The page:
Hygiene misconceptions cleared up

29th of December 2021
Hygiene misconceptions cleared up

Netherlands correspondent John Griep reports from the recent VSR Hygiene Forum where some misconceptions about hygiene were addressed.

“Nowadays, even the chair at the optician is disinfected before the next customer takes his seat. Even though most infections are contracted at home and not in a restaurant or at schools,” said the German microbiologist and professor Dirk Paul Helmut Bockmühl, one of our speakers during the Hygiene Forum which we organised recently, together with two other sector organisations.

The pandemic has raised awareness about hygiene. This heightened awareness causes people to take measures in order to prevent contamination resulting from coronavirus. But some measures go too far and are not based on scientific facts. They then create a form of false security.

Cleaning sufficient

VSR has previously reported that in most cases proper cleaning is really sufficient for good hygiene. Cleaning with a normal detergent (or microfibre cloth without detergent) removes nearly all micro-organisms, including virus particles. Time does the rest. Disinfection is only necessary in specific cases, such as in the food industry, in animal husbandry, in care and hospital institutions and in the event of an outbreak of infection.

Bockmühl cleared up another misunderstanding: the hygiene hypothesis. According to this hypothesis, cleaning too well would have a negative effect on our immune system. Cleaning too well would increase allergies; a little dirt would therefore be good for us. This hypothesis has sometimes been advocated in the media. A newspaper once ran the headline: “How dirt can protect you against cancer.”

According to Bockmühl, this is not true. “There are different triggers for different allergies and so there are various reasons why allergies increase at any given time.” The hypothesis that cleaning too well has a detrimental effect on our immune system, can therefore be rejected.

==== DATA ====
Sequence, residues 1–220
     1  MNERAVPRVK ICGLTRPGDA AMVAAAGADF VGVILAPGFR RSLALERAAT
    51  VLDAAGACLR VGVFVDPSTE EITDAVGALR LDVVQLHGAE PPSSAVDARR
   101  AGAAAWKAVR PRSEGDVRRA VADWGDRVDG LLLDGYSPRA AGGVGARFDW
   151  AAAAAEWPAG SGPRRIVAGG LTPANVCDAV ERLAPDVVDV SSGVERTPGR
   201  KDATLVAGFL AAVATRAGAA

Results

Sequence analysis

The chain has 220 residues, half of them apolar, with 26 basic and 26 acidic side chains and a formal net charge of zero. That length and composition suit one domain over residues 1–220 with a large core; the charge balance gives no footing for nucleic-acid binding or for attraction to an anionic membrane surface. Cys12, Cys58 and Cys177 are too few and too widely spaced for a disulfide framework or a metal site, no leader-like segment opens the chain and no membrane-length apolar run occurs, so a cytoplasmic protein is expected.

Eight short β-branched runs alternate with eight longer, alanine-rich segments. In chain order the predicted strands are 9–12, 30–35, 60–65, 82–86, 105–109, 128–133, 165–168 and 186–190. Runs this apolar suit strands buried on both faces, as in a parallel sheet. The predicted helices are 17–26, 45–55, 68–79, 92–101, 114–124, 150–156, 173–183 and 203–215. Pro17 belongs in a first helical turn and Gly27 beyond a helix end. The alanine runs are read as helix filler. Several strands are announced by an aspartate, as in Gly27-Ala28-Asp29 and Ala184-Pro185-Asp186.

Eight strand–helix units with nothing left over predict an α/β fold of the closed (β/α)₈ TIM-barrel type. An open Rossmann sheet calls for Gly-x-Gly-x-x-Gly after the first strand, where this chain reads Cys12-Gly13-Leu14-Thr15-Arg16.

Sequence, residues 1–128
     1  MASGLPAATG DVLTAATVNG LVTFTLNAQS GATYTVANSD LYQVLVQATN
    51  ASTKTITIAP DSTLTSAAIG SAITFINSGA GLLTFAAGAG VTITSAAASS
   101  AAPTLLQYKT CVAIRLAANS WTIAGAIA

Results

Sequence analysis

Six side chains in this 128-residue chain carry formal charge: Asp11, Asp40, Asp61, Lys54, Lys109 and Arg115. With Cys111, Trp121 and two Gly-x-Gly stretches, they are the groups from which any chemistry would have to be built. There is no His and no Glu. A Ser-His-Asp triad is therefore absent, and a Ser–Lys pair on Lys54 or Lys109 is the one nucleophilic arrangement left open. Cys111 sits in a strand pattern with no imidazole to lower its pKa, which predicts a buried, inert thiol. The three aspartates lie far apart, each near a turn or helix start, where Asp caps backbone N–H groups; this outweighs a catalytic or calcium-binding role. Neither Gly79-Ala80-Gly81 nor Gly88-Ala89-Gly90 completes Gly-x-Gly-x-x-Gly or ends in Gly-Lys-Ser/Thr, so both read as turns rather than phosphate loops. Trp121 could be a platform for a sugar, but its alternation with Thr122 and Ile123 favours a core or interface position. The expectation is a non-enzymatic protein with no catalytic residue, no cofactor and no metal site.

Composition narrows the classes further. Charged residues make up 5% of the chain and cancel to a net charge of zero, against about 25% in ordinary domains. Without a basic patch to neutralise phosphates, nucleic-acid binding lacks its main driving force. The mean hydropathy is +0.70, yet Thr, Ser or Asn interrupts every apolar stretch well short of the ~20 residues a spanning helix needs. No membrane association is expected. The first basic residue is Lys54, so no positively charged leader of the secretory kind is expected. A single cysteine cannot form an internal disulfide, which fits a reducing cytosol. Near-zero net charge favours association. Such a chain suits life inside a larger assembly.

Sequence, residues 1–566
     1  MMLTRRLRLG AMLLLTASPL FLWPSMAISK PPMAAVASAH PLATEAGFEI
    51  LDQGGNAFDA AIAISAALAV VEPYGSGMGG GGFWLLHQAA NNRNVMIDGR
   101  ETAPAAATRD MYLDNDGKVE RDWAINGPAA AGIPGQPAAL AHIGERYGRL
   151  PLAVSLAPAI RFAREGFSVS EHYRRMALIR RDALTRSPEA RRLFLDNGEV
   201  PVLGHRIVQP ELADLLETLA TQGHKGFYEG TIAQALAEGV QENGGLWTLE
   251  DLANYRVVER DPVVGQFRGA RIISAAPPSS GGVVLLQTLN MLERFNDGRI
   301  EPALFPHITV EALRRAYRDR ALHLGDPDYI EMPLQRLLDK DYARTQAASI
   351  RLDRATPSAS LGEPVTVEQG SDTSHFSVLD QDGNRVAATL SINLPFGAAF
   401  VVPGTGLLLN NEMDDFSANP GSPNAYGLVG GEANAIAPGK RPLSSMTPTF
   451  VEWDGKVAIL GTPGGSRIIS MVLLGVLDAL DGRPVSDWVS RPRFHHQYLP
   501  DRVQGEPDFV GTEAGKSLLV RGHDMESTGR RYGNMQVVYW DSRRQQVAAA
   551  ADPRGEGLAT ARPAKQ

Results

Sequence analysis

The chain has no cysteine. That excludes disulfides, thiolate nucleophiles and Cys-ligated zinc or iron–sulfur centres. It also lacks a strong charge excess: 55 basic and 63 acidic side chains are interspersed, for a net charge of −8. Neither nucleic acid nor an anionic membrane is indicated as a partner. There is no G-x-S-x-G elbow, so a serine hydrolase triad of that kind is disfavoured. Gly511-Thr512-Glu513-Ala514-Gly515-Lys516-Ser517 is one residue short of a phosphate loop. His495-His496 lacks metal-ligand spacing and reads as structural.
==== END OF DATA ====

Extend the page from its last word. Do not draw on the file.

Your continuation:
Positive effects

However, unhygienic contact in the family circle in early childhood can cause infections which improve the immune system against allergies, such as asthma. But the professor emphasised that this is not about unhygienic contact via a dirty kitchen worktop, for example, but about certain microorganisms which room-mates transmit via droplets (aerosols). We need these when we are very young to train our immune system.

Microorganisms are actually a kind of Dr Jekyll and Mr Hyde: they cause problems and, at the same time, are useful. You could say the same thing about the pandemic. This causes problems, but also - now that it is here - positive side effects. The increased awareness of hygiene creates a greater appreciation and respect for the cleaner.

For example, at the beginning of the pandemic in the Netherlands, the cleaning profession was labelled a “crucial profession”. In their televised speeches, both the King and the Prime Minister honoured the cleaners who - together with a number of other crucial professions - ensured that what had to go on, could go on in a country which had ground to a halt. The pandemic cannot be over soon enough, but it is to be hoped that we can maintain this renewed appreciation for our beautiful profession.


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